Samsung warns ‘SmartTV’ users not to discuss personal info in front of their eavesdropping TVs

“The potential privacy intrusion of voice-activated services is massive,” Natasha Lomas reports for TechCrunch. “Samsung, which makes a series of Internet connected TVs, has a supplementary privacy policy covering its Smart TVs which includes the following section on voice recognition (emphasis mine):”

You can control your SmartTV, and use many of its features, with voice commands. If you enable Voice Recognition, you can interact with your Smart TV using your voice. To provide you the Voice Recognition feature, some voice commands may be transmitted (along with information about your device, including device identifiers) to a third-party service that converts speech to text or to the extent necessary to provide the Voice Recognition features to you. In addition, Samsung may collect and your device may capture voice commands and associated texts so that we can provide you with Voice Recognition features and evaluate and improve the features. Please be aware that if your spoken words include personal or other sensitive information, that information will be among the data captured and transmitted to a third party through your use of Voice Recognition.

Lomas reports, “As an Electronic Frontier Foundation activist pointed out earlier today, via Twitter, the concept of a TV screen that might be snooping on your private conversations — and thus broadcasting a chilling effect by inculcating self-censorship within its viewers — is straight out of George Orwell’s 1984:”

Read more in the full article here.

“The possibilities curdle in the mind,” Chris Matyszczyk reports for CNET. “So much so that I have contacted Samsung to ask how broad this policy might be and what third parties might be informed of your personal conversations. A Samsung spokeswoman told me: ‘Samsung takes consumer privacy very seriously. In all of our Smart TVs we employ industry-standard security safeguards and practices, including data encryption, to secure consumers’ personal information and prevent unauthorized collection or use.'”

“At the heart of all this is, of course, trust. The best and only defense against intrusion from the likes of Google to Samsung is this: ‘We don’t really care about your private life. We just want your data, so that we can make money from it,'” Matyszczyk writes. “It’s inevitable that the more data that we put out, the more will be recorded and the more will be known about us by machines which are in the charge of people. We have all agreed to this. We click on “I agree” with no thought of consequences, only of our convenience.”

Read more in the full article here.

MacDailyNews Take: Yikes!

[Thanks to MacDailyNews Readers “Aldez” and “Mike Walker” for the heads up.]


  1. Boycott this POS of a company. Second, email or forward the links on this story to friends and family. Skip CNET. I’m sure there are other credible sites than CNUTS or ZDNUTS reporting this.

    1. If enabled, you can wake Siri by saying “Hey Siri”. Which means your iPhone/iPad is always listening.

      This is opt-in, of course. Not sure about the Samsung TVs.

  2. As always Samsung and Google do NOT have your back. In fact they will rob your data blind. Untrustworthy.

    When will people learn who use their Pinocchio-esque “Pleasure Island” offerings that they come with the hidden pricetag of turning you into an ass.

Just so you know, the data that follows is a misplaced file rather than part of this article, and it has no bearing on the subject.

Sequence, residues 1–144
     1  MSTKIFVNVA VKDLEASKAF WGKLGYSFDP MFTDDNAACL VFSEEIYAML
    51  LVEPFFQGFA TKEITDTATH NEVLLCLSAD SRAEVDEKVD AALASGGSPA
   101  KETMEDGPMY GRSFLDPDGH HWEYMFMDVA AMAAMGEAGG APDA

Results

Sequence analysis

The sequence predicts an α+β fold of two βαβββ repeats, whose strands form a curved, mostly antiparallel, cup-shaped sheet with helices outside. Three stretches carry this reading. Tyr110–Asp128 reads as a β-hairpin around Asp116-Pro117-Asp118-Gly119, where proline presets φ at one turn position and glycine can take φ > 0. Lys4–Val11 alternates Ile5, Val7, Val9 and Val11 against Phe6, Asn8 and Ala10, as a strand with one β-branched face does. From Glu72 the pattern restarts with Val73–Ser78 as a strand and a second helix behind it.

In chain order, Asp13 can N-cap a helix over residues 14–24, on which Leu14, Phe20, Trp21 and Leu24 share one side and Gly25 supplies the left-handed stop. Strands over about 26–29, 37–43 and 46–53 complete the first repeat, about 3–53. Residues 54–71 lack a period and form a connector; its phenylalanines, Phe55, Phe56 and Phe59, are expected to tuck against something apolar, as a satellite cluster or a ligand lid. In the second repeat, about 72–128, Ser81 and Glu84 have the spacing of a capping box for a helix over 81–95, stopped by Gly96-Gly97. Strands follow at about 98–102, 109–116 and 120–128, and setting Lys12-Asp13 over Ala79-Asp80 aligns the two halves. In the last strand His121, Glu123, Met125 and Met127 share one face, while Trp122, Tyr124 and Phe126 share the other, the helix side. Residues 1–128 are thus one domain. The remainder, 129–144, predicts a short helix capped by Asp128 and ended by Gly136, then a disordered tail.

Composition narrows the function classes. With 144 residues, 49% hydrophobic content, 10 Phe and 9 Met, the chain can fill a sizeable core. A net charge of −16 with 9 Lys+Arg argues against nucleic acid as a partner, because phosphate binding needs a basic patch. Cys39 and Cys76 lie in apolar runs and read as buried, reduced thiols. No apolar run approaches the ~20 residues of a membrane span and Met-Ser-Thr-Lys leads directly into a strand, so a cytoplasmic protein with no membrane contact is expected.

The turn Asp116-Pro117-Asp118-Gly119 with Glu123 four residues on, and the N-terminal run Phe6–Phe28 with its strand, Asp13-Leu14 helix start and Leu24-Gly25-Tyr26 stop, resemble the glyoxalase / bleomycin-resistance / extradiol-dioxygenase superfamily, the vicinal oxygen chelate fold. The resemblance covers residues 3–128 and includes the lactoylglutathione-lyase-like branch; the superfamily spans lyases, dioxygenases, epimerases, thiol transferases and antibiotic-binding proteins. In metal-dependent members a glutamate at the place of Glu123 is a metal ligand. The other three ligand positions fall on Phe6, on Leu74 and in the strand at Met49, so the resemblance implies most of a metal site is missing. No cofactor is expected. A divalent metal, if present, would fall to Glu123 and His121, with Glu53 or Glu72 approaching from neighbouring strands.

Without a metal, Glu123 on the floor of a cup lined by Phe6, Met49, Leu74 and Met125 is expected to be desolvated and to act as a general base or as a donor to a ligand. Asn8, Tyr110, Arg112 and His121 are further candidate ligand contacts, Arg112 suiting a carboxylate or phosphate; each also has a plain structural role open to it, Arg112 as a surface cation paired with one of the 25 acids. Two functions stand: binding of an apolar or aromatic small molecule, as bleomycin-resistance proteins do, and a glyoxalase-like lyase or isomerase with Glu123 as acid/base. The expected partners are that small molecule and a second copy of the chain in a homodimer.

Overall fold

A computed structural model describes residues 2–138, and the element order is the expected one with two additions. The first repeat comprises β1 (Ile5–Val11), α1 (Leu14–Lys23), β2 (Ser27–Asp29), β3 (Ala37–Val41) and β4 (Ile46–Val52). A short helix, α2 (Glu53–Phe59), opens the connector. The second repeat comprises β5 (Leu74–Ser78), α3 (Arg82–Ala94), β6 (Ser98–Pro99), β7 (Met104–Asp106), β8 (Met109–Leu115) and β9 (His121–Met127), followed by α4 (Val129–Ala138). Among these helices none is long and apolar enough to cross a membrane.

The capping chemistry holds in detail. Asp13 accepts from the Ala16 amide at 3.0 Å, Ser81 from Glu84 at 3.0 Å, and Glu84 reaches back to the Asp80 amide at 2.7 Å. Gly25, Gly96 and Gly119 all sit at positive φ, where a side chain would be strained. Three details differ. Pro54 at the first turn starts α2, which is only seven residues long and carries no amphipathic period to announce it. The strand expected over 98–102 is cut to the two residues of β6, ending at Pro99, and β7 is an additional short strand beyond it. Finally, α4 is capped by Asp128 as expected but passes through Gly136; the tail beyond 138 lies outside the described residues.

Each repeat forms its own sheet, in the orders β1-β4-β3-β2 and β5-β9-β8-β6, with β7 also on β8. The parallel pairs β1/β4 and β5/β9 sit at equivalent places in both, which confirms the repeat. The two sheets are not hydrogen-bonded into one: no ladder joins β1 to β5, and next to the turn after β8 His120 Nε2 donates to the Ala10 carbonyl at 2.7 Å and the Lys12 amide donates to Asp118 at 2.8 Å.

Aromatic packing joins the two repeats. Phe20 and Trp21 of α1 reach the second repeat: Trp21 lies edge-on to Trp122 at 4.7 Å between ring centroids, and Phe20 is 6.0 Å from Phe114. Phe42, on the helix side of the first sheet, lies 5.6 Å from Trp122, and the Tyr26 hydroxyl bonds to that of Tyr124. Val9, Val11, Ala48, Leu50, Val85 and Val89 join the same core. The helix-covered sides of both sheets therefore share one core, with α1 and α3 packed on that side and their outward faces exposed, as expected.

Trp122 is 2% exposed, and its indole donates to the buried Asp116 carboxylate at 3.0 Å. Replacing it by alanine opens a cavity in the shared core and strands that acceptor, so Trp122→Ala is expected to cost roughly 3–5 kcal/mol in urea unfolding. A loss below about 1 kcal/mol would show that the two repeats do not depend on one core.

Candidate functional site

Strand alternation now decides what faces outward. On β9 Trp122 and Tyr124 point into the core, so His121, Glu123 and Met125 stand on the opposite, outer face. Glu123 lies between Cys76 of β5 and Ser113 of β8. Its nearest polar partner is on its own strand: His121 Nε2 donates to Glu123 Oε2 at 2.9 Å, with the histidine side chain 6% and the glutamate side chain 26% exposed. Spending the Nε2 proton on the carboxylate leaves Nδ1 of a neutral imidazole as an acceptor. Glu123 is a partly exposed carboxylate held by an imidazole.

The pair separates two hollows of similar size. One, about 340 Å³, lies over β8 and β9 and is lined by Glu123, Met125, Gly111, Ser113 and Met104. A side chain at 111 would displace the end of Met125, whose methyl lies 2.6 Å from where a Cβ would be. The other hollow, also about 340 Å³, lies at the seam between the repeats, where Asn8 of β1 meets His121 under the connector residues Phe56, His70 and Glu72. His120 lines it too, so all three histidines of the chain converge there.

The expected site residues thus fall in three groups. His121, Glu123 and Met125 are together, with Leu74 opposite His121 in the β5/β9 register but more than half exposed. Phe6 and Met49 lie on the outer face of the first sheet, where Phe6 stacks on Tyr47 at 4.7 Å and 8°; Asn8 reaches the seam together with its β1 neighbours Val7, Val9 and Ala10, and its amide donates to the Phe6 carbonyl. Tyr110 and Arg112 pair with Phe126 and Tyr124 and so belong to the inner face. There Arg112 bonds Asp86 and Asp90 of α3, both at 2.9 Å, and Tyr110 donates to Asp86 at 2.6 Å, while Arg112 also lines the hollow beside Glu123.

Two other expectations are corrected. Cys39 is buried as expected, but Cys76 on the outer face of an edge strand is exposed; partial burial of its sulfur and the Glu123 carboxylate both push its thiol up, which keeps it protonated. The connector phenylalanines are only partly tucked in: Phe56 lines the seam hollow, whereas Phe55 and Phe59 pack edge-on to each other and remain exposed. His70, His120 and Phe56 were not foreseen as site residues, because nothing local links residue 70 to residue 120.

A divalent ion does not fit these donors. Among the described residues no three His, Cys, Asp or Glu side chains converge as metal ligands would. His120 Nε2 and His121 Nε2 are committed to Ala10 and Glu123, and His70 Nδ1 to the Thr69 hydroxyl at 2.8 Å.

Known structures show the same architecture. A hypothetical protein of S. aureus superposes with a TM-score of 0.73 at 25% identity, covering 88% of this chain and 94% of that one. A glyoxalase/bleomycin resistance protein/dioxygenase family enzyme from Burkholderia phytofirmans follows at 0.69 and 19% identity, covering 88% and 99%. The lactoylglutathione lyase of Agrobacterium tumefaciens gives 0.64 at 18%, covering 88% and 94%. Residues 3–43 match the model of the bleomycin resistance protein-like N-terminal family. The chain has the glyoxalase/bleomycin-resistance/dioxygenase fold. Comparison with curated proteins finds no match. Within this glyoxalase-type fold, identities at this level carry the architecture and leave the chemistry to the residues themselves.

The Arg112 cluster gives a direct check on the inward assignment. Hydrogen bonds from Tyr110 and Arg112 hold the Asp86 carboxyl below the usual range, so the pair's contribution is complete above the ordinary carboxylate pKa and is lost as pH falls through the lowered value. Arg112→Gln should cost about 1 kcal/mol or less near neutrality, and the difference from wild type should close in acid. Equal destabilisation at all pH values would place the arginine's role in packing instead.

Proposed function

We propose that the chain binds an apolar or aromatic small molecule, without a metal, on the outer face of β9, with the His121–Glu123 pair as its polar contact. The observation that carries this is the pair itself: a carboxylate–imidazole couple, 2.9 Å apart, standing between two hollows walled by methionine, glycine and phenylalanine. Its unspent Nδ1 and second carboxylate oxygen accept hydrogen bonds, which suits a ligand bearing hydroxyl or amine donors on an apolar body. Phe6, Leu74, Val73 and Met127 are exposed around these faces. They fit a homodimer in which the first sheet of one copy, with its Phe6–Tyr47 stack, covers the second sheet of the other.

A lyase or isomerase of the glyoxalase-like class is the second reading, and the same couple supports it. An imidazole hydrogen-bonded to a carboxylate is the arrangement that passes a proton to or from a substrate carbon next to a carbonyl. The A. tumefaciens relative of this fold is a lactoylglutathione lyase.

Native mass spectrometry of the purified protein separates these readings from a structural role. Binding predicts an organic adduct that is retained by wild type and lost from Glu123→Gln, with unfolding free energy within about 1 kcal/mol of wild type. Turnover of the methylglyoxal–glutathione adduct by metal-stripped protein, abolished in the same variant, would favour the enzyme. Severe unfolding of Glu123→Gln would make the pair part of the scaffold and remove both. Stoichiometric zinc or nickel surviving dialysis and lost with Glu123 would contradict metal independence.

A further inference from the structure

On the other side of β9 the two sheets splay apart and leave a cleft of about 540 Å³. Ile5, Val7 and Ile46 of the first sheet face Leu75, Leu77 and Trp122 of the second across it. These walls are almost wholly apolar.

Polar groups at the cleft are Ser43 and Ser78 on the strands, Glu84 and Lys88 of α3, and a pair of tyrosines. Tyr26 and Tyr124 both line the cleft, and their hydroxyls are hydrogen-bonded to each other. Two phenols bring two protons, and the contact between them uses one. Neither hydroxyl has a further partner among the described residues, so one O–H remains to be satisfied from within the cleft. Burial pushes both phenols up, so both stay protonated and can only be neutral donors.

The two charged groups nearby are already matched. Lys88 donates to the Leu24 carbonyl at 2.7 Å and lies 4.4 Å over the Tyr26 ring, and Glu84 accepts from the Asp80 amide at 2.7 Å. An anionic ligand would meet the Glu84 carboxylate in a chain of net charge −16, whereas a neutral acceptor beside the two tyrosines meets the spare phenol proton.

1. Ha great idea. I will loop my gurgling nasty Fart sound 24/7 and distribute it to Samsuck tv owners that I know. Have it wired directly to the Tv. Well if they let me.

  3. Should we be so naive to believe it will only be Samsung? Is SMART tv turning into or already a Spy-On-You tv? Google? We need help from the hacker society to block this. I would like a “VPN” for my Tv, just in case, even if it’s not Samsung.
    Of course to begin with one should not buy anything Samsung! But the wallet will be the deciding factor for most people.

    1. Yes it’s different.

      A phone is not always on recording you…
      If it were your cell usage would be very high.

      Siri and Googles voice thin are only on while being used.

      Samsungs smart tv’s and Xbox ones kinect are always on. Unless you turn them off manually.

        1. You know that little black opening in the top of your MacBook Pro screen? Yeah, the one Snowden warned us about.

          If you haven’t used it in the last week, you might want to cover it up with black tape. Then you know absolutely when it can record and when it can not.

  4. How far a stretch is it then to just be able to monitor the amount of internet activity coming from a home to know if the family is home, or at least in the living room with the TV on? Some, I hope, but surely not far from a reality there, either. 🙁

    1. It’s not you. They’re stupid. Assuming your manufacturer keeps them up-to-date, you’ll have “smart” functionality for a few years, max. After that, the security updates stop, the app updates stop, and you’re just left with a screen. So just buy a screen to begin with.

      1. Thats kinda how I looked at it. Why get a TV with a UI thats terrible and will quickly be out of date in comparison to the screen. Just buy a nice screen and add a box to it like Apple TV or something similar.

    1. Apparently it *is* just their TVs that do questionable data gathering of the “listen to your conversations kind.” Do you have any citation that shows otherwise?

  5. The real question is once you talk too much to your TV (pick your subject that you get angry about), who is going to knock on your front door and want to talk about those lethal threats you made right into Samsung’s microphone?

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